This molecule is an analog of citrate which blocks ACL activity. HCA is found in only a few plants, with one rich source being the rind of a little pumpkin-shaped fruit called Garcinia cambogia, which is native to Southeast Asia. This fruit (also called Malabar tamarind) is used as a condiment in dishes such as curry. Citrate can be burned in the mitochondria to produce ATP, thereby stabilizing the mitochondria, or it can be exported into the cytoplasm to make acetyl-CoA. Acetyl CoA is the precursor of lipids, cholesterol and other molecules. If ACL is inhibited, the citrate will diffuse back into the mitochondria where it will be metabolized to make ATP. This prevents mitochondrial instability and further inhibits programmed cell death. SinnolZym contains standardized levels of hydroxycitric acid (HCA), which has been clinically shown to inhibit cholesterol synthesis and the effects by inhibition of ACL activity.


1. Men with low serum cholesterol have a lower risk of high-grade prostate cancer in the placebo arm of the prostate cancer prevention trial.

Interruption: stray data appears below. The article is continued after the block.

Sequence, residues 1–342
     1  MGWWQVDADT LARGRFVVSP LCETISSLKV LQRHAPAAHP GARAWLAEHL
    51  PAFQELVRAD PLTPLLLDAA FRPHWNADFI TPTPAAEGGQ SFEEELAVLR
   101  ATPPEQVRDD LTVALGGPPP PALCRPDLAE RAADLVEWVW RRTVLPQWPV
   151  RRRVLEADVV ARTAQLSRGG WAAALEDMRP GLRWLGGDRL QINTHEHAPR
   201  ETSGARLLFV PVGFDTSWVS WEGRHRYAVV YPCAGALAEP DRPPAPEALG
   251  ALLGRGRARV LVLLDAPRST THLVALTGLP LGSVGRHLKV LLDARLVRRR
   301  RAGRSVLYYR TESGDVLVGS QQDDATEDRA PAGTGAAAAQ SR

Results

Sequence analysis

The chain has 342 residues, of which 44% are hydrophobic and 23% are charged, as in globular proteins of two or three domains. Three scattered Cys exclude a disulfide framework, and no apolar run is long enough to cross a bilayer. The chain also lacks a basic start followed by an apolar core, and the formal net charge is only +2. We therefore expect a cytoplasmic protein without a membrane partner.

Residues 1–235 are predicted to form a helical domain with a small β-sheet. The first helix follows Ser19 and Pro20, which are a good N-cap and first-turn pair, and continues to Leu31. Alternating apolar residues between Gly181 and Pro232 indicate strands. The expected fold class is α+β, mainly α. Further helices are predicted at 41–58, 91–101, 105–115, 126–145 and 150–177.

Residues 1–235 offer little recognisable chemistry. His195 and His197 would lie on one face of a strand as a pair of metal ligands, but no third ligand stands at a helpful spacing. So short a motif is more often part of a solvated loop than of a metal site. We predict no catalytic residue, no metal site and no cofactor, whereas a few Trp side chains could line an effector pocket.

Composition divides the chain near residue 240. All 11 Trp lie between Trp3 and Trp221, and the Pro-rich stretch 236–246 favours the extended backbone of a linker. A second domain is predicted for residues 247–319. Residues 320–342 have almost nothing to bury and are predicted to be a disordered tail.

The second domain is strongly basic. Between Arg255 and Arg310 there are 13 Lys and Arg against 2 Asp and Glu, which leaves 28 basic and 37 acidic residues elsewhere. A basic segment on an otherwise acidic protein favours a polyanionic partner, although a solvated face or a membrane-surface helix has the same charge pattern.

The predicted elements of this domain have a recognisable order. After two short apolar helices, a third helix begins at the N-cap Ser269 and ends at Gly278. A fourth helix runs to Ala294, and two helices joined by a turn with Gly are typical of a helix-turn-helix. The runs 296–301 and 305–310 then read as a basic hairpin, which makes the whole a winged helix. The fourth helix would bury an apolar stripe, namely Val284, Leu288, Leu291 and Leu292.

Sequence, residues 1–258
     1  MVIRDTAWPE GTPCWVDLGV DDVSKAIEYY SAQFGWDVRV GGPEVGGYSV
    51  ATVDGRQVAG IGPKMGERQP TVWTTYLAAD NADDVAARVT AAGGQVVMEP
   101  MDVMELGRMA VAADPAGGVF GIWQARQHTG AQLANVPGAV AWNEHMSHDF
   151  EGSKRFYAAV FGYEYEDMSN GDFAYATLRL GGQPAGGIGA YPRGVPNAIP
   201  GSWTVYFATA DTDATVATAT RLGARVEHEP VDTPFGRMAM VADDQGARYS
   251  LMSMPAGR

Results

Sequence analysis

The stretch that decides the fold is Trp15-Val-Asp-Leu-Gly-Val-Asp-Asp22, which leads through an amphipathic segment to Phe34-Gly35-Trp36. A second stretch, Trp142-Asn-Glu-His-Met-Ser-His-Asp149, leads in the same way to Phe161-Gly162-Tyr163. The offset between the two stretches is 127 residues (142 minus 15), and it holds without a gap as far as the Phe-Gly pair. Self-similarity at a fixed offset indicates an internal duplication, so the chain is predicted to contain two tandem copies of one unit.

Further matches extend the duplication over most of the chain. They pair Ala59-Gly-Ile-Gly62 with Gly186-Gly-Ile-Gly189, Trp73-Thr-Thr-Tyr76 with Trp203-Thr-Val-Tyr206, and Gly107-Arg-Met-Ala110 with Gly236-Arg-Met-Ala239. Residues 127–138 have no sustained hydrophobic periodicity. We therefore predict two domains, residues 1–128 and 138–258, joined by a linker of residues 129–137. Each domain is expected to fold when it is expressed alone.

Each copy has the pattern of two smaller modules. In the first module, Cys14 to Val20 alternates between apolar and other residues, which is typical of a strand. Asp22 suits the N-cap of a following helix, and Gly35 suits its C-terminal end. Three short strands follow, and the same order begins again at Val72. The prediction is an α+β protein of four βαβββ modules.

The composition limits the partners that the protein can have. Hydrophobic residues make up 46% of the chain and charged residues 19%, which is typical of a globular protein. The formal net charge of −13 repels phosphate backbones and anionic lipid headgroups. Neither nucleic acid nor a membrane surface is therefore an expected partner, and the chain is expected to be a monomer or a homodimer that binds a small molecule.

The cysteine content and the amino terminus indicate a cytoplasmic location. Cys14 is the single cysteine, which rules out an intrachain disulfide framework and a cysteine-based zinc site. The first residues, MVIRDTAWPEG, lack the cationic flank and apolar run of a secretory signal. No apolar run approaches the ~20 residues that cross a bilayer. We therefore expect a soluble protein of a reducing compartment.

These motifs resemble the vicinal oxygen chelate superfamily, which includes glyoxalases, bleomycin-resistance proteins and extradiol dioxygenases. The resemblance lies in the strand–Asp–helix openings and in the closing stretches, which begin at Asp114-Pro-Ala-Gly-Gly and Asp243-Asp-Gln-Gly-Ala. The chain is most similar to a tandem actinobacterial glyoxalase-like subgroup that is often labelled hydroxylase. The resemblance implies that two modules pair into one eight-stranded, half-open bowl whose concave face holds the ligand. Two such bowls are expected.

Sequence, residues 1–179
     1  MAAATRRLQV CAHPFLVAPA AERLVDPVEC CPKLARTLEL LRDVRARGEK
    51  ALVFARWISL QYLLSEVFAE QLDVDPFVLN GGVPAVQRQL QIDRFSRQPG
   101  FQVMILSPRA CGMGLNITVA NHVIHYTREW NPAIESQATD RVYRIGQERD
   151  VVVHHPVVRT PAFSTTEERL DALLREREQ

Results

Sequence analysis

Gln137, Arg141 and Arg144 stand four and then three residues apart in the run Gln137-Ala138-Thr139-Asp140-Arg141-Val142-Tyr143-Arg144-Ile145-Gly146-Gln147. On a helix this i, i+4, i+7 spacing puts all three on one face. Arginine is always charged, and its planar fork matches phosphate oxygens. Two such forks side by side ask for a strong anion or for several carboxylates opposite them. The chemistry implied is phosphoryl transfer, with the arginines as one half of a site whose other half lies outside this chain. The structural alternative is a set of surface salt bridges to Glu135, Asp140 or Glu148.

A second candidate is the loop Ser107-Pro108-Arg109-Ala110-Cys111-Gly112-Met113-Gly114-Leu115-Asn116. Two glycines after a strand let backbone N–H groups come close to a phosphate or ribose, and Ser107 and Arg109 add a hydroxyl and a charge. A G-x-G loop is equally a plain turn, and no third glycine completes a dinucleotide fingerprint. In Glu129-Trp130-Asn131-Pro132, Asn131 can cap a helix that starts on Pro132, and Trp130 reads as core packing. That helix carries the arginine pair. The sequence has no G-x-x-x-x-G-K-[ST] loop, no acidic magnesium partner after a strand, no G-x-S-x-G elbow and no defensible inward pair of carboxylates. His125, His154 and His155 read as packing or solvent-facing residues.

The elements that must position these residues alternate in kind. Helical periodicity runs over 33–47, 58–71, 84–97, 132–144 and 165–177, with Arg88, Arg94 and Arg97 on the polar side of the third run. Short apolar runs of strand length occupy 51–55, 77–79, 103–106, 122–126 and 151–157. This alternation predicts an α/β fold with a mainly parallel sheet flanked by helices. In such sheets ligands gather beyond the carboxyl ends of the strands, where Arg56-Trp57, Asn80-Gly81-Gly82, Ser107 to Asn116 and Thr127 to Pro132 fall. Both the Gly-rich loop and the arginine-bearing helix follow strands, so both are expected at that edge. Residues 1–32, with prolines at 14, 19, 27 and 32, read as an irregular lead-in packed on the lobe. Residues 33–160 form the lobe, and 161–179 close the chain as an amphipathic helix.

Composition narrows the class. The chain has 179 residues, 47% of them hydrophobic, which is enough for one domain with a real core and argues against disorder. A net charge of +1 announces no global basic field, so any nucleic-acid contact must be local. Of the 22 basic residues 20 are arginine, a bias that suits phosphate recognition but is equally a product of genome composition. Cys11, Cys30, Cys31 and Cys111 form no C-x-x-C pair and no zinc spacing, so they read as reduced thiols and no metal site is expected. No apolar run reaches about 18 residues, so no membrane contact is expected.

2. ATP-citrate lyase links cellular metabolism to histone acetylation.

3. ATP citrate lyase: activation and therapeutic implications in non-small cell lung cancer.

4. ATP citrate lyase inhibition can suppress tumor cell growth.

5. ATP citrate lyase is an important component of cell growth and transformation.

6. Anti-cancer therapy: targeting the mevalonate pathway.

7. Oncogenic NRAS rapidly and efficiently induces CMML- and AML-like diseases in mice.

8. Cholesterol-modulating agents kill acute myeloid leukemia cells and sensitize them to therapeutics by blocking adaptive cholesterol responses.

9. Nutrigenomic analysis of diet-gene interactions on functional supplements for weight management.

10. Evaluation of the pharmacotherapeutic efficacy of Garcinia cambogia plus Amorphophallus konjac for the treatment of obesity.

11. An overview of the safety and efficacy of a novel, natural(-)-hydroxycitric acid extract (HCA-SX) for weight management.

12. Efficacy of a novel calcium/potassium salt of (-)-hydroxycitric acid in weight control.

13. Effects of a natural extract of (-)-hydroxycitric acid (HCA-SX) and a combination of HCA-SX plus niacin-bound chromium and Gymnema sylvestre extract on weight loss.

14. Cancer chemopreventive agents. New depsidones from Garcinia plants.

15. Garcinia cambogia (hydroxycitric acid) as a potential antiobesity agent: a randomized controlled trial.